Bees and Books

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For some strange reason, I like bees and beekeeping. I don’t keep bees personally, but I loved when they would buzz around me in my community garden. We had all different kinds of bees and wasps. In are yard now, we only have yellow jackets and they are the meanest little things with wings. Anyway, I just read an article in the New Yorker called Stung about the disappearing bees. It was a little frightening. The bees are essential for pollinating many of the crops in the US, but they are having serious problems with Colony Collapse and the native bees probably can’t keep up with the demand.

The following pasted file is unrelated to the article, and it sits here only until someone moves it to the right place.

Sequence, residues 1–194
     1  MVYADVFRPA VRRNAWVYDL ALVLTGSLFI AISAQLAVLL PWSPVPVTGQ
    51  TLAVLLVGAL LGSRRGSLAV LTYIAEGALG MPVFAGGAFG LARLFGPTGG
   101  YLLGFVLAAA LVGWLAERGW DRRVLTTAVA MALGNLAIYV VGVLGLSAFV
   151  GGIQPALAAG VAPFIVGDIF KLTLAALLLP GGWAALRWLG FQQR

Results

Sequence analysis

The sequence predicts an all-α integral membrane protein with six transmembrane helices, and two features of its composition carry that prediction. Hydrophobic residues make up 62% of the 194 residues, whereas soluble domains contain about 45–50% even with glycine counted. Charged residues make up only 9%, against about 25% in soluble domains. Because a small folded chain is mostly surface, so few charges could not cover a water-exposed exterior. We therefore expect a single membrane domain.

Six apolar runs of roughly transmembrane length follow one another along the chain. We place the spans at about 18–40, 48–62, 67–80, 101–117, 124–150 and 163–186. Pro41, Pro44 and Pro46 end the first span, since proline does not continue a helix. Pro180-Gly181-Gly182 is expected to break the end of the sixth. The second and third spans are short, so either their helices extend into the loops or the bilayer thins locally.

bee.gifAfter reading about this book, I started thinking about books I like about bees. One of my favorites is the Beekeeper’s Pupil by Sara George. This is a fictionalized account of Francois Huber who studied bees in the 18th Century. Huber was blind and hired a young man, Francois Burnens, to help him with his research. Burnens grows from being Hubers servant to his research assistant. I loved the combination of historical fiction with history of science.

I also enjoyed but didn’t finish the book called The Forgotten Pollinators by Stephen Buchmann and Gary Paul Nabhan that illustrates that honeybees aren’t the only pollinators out there. They’re project is based at the Arizona-Sonora Desert Museum in Tucson.

Finally, I have on my list to read the book Robbing the Bees: A Biography of Honey by Holley Bishop. I really wish we had some honey bees in our yard. I get tired of the yellow jackets that give bees a bad name.


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